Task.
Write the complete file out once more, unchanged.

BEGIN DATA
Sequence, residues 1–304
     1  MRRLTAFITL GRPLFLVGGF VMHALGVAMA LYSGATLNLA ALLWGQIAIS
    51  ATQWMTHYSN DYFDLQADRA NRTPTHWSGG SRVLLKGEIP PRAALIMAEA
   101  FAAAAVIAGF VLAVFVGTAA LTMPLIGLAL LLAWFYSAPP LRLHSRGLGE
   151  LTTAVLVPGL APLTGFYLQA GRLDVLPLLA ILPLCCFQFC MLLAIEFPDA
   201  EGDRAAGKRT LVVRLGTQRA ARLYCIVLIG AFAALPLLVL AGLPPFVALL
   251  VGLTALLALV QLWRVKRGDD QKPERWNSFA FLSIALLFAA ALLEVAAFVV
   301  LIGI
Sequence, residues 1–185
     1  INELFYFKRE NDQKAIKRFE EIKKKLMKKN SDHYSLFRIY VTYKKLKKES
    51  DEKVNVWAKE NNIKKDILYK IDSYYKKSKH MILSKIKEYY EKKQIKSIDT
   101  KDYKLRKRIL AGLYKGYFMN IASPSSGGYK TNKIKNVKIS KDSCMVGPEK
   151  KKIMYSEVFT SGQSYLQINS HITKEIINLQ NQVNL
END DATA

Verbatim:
Sequence, residues 1–304
     1  MRRLTAFITL GRPLFLVGGF VMHALGVAMA LYSGATLNLA ALLWGQIAIS
    51  ATQWMTHYSN DYFDLQADRA NRTPTHWSGG SRVLLKGEIP PRAALIMAEA
   101  FAAAAVIAGF VLAVFVGTAA LTMPLIGLAL LLAWFYSAPP LRLHSRGLGE
   151  LTTAVLVPGL APLTGFYLQA GRLDVLPLLA ILPLCCFQFC MLLAIEFPDA
   201  EGDRAAGKRT LVVRLGTQRA ARLYCIVLIG AFAALPLLVL AGLPPFVALL
   251  VGLTALLALV QLWRVKRGDD QKPERWNSFA FLSIALLFAA ALLEVAAFVV
   301  LIGI
Sequence, residues 1–185
     1  INELFYFKRE NDQKAIKRFE EIKKKLMKKN SDHYSLFRIY VTYKKLKKES
    51  DEKVNVWAKE NNIKKDILYK IDSYYKKSKH MILSKIKEYY EKKQIKSIDT
   101  KDYKLRKRIL AGLYKGYFMN IASPSSGGYK TNKIKNVKIS KDSCMVGPEK
   151  KKIMYSEVFT SGQSYLQINS HITKEIINLQ NQVNL